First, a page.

In his first letter, Peter portrays the ideal Christian as both a person of great joy and much sorrow and grief, subject to many trials in life. These are not just chance events, but things that are allowed, and even sent, “if necessary,” by God Himself. Why does God find it necessary?

First and foremost, God wants to build His church whose foundation is Jesus Christ. He saves us when we are still sinners. We enter the kingdom in an imperfect state. God allows trials for at least three different reasons:

  1. Sometimes He chastises us for our failures. “Whom the Lord loves, He chastens,” we are told in Hebrews 12:6. If we do not know the chastening of the Lord, if all is sweetness and light in our lives, we are not Christians, it is as simple as that.
  2. Sometimes God allows trials in life to prepare us for a higher task, to make us more dependent upon Him. Think of Joseph and David who knew grievous trials of faith. God chose them for greater things, and they needed greater maturity to bear greater responsibilities.
  3. Even when we have not fallen into gross sin, we are still imperfect in our faith. We all have many areas of the flesh in our thinking and doing, however unconscious they may be, that interfere with our effective walk with Christ. Often, God sends trials our way to make us aware of these things and to bring out a greater faith.

When we bear these trials and learn from them to develop greater fellowship with our Heavenly Father, we certify that we are indeed His children. We learn to rejoice in our salvation (1 Peter 1:3-5) in ways we have never rejoiced before. As believers who rejoice in the midst of tribulation, we become testimonies to a watching world of a great and loving God.

Which of these kinds of trials have you experienced? When we learn from them, they last only for a season. The fruit we bear in our lives at such times glorifies our Lord Jesus. Such fruit lasts for eternity and affects not only us but the world around us.

During this time of trial and crisis, how ready are we to submit to God’s will and allow Him to work through our present troubles to bring about revival, healing and spiritual awakening?

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Baptism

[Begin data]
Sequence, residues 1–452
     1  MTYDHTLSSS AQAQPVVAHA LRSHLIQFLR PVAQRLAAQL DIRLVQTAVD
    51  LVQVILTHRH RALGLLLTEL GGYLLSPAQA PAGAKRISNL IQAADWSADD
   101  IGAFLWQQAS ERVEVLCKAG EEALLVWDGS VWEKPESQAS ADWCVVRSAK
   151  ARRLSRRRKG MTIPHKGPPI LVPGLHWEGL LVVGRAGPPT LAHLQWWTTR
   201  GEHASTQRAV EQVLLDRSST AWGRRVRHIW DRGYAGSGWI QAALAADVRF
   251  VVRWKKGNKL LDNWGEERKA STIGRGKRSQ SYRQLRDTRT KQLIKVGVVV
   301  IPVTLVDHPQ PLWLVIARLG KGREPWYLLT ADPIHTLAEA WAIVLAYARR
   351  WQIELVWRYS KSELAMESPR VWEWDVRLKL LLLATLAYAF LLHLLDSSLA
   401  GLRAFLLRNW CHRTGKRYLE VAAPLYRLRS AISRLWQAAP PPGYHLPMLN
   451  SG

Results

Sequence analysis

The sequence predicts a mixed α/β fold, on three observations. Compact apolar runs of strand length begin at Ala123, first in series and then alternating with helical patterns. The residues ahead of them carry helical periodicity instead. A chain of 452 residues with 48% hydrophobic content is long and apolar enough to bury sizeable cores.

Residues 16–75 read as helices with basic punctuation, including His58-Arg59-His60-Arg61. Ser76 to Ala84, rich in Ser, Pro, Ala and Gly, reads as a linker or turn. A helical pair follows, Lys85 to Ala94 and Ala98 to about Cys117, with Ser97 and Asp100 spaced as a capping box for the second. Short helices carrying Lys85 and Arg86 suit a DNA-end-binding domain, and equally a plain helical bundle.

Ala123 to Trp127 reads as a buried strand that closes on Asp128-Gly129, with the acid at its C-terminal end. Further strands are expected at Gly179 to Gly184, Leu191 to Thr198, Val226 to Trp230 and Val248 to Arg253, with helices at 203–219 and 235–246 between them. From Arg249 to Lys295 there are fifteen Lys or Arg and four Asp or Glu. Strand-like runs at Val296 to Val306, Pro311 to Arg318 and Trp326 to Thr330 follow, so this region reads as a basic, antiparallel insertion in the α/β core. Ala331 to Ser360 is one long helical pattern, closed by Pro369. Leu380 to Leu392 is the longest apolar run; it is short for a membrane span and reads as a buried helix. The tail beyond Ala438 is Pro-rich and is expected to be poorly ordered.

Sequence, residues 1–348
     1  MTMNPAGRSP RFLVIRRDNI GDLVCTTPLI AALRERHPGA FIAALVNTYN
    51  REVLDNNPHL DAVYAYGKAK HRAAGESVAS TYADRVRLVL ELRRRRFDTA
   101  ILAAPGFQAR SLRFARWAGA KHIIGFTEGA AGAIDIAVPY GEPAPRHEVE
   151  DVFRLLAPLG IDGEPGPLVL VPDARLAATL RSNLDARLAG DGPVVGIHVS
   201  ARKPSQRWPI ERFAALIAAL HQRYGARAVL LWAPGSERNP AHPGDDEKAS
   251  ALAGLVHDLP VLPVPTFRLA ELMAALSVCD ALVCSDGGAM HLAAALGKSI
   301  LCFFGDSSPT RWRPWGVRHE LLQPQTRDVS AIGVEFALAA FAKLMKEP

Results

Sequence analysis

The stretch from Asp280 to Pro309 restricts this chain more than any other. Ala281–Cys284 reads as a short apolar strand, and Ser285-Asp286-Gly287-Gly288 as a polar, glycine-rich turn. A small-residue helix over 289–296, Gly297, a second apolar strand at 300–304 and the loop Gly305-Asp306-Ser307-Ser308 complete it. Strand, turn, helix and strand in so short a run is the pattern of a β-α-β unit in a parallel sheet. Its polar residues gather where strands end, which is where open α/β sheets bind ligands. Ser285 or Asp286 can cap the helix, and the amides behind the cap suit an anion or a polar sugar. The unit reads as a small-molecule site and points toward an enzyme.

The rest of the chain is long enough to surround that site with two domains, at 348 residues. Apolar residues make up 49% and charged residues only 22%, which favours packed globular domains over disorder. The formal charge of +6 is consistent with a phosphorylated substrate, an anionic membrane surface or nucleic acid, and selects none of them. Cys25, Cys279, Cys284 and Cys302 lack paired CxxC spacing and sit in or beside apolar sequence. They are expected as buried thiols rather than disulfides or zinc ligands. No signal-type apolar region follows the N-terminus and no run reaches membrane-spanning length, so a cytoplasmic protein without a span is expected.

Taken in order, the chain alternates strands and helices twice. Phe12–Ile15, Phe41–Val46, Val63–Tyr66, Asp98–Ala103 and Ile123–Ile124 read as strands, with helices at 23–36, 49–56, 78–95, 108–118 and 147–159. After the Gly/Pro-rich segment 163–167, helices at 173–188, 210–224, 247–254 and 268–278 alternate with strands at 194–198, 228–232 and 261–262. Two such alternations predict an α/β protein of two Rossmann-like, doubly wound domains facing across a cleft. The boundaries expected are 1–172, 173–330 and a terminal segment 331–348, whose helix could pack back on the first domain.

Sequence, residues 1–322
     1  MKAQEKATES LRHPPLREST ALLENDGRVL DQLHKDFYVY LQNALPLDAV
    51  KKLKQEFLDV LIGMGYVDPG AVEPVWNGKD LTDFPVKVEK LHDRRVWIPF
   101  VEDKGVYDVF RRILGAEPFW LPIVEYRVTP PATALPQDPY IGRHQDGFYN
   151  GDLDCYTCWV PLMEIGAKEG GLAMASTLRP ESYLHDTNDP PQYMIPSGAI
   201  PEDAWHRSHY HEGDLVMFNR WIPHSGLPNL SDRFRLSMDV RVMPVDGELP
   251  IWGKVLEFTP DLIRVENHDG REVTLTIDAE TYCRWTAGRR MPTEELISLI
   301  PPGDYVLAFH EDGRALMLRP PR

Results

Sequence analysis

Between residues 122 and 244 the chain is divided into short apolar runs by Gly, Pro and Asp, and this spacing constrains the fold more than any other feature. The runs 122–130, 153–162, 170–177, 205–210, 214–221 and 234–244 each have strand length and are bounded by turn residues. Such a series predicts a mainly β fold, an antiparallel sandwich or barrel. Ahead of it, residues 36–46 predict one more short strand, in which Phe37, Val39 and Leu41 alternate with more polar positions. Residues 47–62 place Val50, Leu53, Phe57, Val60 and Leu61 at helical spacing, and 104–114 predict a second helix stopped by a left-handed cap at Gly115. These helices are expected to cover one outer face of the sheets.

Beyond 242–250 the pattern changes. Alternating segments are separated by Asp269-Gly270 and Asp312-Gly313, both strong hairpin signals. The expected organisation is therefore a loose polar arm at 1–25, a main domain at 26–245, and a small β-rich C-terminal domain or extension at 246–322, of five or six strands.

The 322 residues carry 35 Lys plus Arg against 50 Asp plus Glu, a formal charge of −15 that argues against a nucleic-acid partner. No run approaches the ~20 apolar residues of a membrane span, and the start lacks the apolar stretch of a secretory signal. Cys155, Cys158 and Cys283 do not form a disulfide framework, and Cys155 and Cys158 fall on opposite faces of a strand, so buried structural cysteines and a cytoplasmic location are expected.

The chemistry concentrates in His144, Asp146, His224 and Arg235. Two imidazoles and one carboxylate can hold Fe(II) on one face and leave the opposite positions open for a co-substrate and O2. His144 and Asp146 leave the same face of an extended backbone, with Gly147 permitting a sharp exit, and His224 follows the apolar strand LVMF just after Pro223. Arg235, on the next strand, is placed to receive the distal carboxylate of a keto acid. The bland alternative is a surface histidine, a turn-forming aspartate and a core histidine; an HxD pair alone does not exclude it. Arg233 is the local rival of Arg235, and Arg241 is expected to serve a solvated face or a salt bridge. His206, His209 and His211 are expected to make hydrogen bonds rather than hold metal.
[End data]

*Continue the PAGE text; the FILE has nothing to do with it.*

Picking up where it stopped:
Baptism-2019Praise God for His wondrous grace by which He provides everything we need for our salvation. Salvation comes to us by grace through faith alone which is His gift (Romans 4, Ephesians 2).

In spite of these specific declarations of God’s salvation through grace alone, numerous people, both Catholic and Protestant, still believe that we need water baptism for salvation. They insist on this though nowhere in scripture do we find Jesus, Paul or anyone else making such a specific declaration. If baptism were absolutely essential for salvation, why wouldn’t Paul say it outright, leaving no guesswork or need for debate? Since he doesn’t, that should settle the matter.

Think of those saved in the Bible who did not receive baptism—the paralytic man in Matthew 9, the penitent woman in Luke 7, the publican in Luke 18 and the thief on the cross in Luke 23. Nowhere does the Bible mention anything about infant baptism. Biblically recorded water baptism takes place only among people who first choose faith for themselves, and always by immersion.

If baptism does not bring us salvation, why does Jesus command His disciples to baptize at the same time He commands His disciples to preach the gospel to all peoples (Matthew 28:19-20)?

To follow Christ means to change our identity. Baptism publicly declares our identity is now with God’s people and what He did through the death, burial and resurrection of Jesus Christ. Baptism publicly declares we have died to our old life, and we are raised to new life in Christ. We are united with Him.

When Jesus first saves us, He saves us in spirit and soul. But we also consist of a body, and our bodies must work in harmony with our spirits and souls. A visible sign, an action of our bodies, confirms outwardly what we have already done inwardly.

A wedding ring does not in itself bring a man and woman into relationship with one another. Neither does baptism bring a person into relationship with Jesus Christ.

But a wedding ring does signify that a dramatic change has come about in that relationship. A covenant has been made and vows taken between two people that mean new commitments and responsibilities to one another, to future generations.

Baptism should signify a dramatic change in one’s relationship with Christ not just serve as a rite of passage. No longer are we content with passive church attendance, but we publicly identify with the finished work of Christ on our behalf.

With Christ’s finished work as our life foundation, we publicly declare our readiness to bear new responsibilities for Christ. We are ready to take an active concern for those things that move the heart of God. Just as the wedding vows mean new responsibilities, so baptism should become the beginning of new commitment and responsibility for God’s kingdom.